Seeking the solace of family life rather than medical observational thereapy, most of the hostages rescued in a daring attack by Dutch marines early yesterday returned home this weekend to recuperate from their 20-day ordeal at the hands of South Moluccan gunmen.

Guant, shaken, but overjoyed at their liberation, some 40 passengers from the captive train rejoined their families after brief medical check-ups. Two remain under psychiatric care and seven are being treated for wounds suffered in the dawn blitz in which two hostages and six terrorists were killed.

The four teachers freed in the assault on the Bovensmilde village school chose to remain a few more days at a hospital. Doctors said that they are expected to recover rapidly from bruises and cuts.

Sjann Adbink, a second-grade teacher freed along with three colleagues when Dutch troops stormed the school, described the sudden - and startling - rescue.

"I was sleeping on a mattress in the main classroom when we heard the guns and tanks. When the shooting began, I jumped under a table in the corner."

Two male teachers sleeping in a nearby storeroom cried, "Get over here" to Mrs. Adbink and a female colleague as armored troop carriers rolled toward the school under heavy gunfire.

"We crawled about 15 feet along the hall and hid inside the storeroom," emrs. Adbink said. "Suddenly, a tank came through the wall and stopped just 10 inches from us."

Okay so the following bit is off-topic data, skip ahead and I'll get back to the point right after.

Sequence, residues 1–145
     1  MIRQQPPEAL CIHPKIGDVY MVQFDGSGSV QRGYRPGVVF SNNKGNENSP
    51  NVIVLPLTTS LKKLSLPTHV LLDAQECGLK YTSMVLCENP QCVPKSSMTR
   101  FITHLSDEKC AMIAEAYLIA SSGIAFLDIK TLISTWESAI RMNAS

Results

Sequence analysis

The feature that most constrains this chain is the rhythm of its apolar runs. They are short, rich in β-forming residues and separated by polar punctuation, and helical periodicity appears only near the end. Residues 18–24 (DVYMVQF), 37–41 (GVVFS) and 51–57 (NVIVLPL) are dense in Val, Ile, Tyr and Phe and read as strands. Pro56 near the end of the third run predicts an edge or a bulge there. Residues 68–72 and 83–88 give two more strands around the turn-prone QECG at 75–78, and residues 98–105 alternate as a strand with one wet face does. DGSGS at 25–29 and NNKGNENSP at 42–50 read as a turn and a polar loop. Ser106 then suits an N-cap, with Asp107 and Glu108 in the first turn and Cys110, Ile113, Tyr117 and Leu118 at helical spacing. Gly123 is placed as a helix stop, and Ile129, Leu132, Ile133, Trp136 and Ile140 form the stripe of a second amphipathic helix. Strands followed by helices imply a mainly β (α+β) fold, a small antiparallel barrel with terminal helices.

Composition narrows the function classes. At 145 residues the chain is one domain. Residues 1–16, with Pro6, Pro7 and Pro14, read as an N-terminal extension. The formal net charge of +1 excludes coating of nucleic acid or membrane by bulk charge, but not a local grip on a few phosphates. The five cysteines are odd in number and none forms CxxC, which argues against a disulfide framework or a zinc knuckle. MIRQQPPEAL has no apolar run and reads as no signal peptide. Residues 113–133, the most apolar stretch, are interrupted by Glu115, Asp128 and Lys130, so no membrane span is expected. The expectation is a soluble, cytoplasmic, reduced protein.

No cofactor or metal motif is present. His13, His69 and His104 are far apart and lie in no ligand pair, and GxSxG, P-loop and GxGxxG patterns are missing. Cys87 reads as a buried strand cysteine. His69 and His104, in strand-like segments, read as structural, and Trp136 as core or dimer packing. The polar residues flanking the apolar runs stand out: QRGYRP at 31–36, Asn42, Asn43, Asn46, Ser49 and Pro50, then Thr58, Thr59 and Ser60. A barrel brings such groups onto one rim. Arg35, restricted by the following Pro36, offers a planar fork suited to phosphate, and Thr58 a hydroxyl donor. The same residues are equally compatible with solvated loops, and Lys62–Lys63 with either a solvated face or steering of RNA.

Marines jumped from the four troop carriers that chashed through the school walls. The marines hurled a dozen grenades that ripped through walls and ceilings. Within seconds, the four terrorists threw down their guns and surrendered. Nobody was wounded during the attack on the school, but the four teachers were bruished and cut by falling bricks and glass.

After their release, the teachers, like many of the train hostages, refused offers of psychological assistance. A group of psychiatrists, concerned about the difficulties of read-justment after a traumatic experience, had arranged group therapy sessions for hostages who wished to participate.

But most of the captives simply wanted to be reunited as quickly as possible with their families, a healthy response that indicates they will soon resume their usual activities and relationships, doctors said.

In the South Moluccan community, preparations were made today for funerals on Tuesday of the six young radicals who died in the attack on the train.

Several Moluccans said they had received "nasty phone calls," both at home and at a community center where many of them gathered this weekend.

Young Moluccans have criticized Dr. Johannis Manusama, head of South Molucca's government in exlie here, for his tacit agreement with Dutch authorities that a military solution was the only alternative available to free the hostages.

"Terrorist acts cannot be allowed if we want to maintain order in a democracy. I realize that the attack was the only way out for the Dutch government," Dr. Manusama said, on television.

A group of young Moluccans, standing outside their center on the out-skirts of this town, pointed to the display of many South Moluccan flags in their neighborhood. "This all means that our struggle is still going on," said one.

[Dutch government and South Moluccan community leaders met today in Assen in an effort to prevent both new guerrilla attacks and racial backlash growing out of the siege, United Press International reported. A statement said the talks, which lasted nearly five hours, were "valuable and constructive."]